Amnesia defence raised at murder trial
Memory 'black hole' blocking day of New Germany shooting, expert testifies
A man accused of killing his wife suffered retrograde amnesia and does not remember the day of her death, a Bridgewater, N.S., court heard Friday.
Wayne Paul Eisnor is accused of shooting and killing his estranged wife, Tina Mae Eisnor, in a grocery store parking lot in New Germany in June 2010. Eisnor was also shot, and claims to have no memory of the incident.
Jeannette McGlone specializes in treating people with brain injuries and brain diseases. At the request of his defence team, the neuropsychologist studied CT scans showing damage from a self-inflicted bullet wound to Eisnor's head.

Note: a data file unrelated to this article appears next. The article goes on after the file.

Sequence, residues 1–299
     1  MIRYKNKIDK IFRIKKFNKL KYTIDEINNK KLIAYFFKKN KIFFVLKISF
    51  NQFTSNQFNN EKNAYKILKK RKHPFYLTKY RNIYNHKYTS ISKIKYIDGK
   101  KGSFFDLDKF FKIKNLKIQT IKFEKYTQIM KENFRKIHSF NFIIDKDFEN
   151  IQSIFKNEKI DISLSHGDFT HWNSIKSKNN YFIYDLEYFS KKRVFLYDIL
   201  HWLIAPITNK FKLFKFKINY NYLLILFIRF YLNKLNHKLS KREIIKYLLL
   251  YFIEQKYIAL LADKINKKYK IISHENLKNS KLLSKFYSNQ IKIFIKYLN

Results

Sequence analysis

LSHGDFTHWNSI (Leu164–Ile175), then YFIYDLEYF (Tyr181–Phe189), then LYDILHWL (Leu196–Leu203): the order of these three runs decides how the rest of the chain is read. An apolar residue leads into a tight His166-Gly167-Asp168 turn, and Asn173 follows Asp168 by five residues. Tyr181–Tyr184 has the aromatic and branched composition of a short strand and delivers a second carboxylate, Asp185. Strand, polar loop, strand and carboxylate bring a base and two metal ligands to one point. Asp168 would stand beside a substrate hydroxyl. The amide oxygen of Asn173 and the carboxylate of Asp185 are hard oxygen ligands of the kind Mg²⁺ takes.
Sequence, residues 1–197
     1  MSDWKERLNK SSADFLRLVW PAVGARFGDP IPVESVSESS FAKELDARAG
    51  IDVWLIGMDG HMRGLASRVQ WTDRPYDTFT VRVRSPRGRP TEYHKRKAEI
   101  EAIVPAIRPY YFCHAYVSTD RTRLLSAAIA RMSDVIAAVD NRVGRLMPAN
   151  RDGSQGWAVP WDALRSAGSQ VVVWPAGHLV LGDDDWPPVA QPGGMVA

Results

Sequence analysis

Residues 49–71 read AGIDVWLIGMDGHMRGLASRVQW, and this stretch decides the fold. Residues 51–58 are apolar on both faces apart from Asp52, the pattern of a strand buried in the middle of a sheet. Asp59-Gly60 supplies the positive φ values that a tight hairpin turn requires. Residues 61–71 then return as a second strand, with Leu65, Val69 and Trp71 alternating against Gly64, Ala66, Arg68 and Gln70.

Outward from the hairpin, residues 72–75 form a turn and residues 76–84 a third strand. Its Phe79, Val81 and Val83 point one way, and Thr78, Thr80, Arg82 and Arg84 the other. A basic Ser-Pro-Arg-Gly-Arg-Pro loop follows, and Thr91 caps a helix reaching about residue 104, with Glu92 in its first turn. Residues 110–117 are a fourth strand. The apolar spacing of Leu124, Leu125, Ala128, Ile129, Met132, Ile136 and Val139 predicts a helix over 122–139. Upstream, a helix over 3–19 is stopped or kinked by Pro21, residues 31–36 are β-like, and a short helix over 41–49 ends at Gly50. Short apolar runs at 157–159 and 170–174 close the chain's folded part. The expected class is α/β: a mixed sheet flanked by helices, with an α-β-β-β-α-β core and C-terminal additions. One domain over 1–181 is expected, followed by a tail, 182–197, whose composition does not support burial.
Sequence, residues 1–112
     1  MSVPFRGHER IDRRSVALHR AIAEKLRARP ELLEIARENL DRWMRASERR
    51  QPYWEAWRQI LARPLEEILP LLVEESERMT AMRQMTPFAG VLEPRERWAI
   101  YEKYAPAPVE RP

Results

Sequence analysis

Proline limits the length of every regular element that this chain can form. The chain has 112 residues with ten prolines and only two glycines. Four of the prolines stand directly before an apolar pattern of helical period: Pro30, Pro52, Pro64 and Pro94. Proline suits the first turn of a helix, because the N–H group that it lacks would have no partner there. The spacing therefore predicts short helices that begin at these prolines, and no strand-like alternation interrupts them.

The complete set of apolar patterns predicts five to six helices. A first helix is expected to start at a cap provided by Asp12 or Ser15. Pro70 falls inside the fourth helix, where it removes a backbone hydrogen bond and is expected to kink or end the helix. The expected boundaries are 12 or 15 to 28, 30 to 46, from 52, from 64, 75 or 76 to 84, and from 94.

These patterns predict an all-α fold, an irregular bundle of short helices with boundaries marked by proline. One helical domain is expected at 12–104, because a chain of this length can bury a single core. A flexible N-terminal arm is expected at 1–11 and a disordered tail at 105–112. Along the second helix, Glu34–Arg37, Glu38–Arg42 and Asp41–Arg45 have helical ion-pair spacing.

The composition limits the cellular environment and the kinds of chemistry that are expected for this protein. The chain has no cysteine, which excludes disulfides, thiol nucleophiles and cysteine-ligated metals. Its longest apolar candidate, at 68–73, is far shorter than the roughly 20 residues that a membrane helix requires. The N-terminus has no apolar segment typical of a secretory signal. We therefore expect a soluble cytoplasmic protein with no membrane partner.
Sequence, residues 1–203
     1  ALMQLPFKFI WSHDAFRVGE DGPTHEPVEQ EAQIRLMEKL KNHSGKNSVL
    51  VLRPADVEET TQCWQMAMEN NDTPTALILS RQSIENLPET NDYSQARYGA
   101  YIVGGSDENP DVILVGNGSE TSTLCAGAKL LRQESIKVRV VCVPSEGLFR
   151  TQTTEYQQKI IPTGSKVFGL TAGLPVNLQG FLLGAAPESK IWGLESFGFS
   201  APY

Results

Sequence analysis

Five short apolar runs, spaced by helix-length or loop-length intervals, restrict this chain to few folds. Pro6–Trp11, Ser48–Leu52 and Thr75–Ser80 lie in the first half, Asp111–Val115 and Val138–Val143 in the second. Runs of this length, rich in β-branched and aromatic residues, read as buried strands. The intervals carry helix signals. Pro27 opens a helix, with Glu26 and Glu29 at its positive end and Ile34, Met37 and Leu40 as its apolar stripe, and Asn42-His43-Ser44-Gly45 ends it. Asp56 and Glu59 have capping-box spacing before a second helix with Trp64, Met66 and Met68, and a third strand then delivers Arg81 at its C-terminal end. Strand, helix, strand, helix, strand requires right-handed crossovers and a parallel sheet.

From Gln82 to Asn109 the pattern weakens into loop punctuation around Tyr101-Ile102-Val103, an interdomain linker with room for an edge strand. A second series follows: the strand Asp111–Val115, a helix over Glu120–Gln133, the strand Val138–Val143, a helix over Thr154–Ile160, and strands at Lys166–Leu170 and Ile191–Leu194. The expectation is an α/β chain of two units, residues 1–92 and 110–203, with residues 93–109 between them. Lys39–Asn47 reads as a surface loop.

"He had profound retrograde amnesia that spanned six months from January 2010 to June 2010," she said.
She told the court she doesn’t believe he’s faking the condition.
The court also heard from Eileen Brunet, a forensic psychiatrist. She first saw Eisnor two months after the shooting. She examined him multiple times over the next couple of years.
She said he has no recollection of the time of his wife’s death and she described his memory as having a "black hole."
She said the memory gap extended backwards from the day of the killing in June 2010 to Jan 1, 2010.
The trial continues.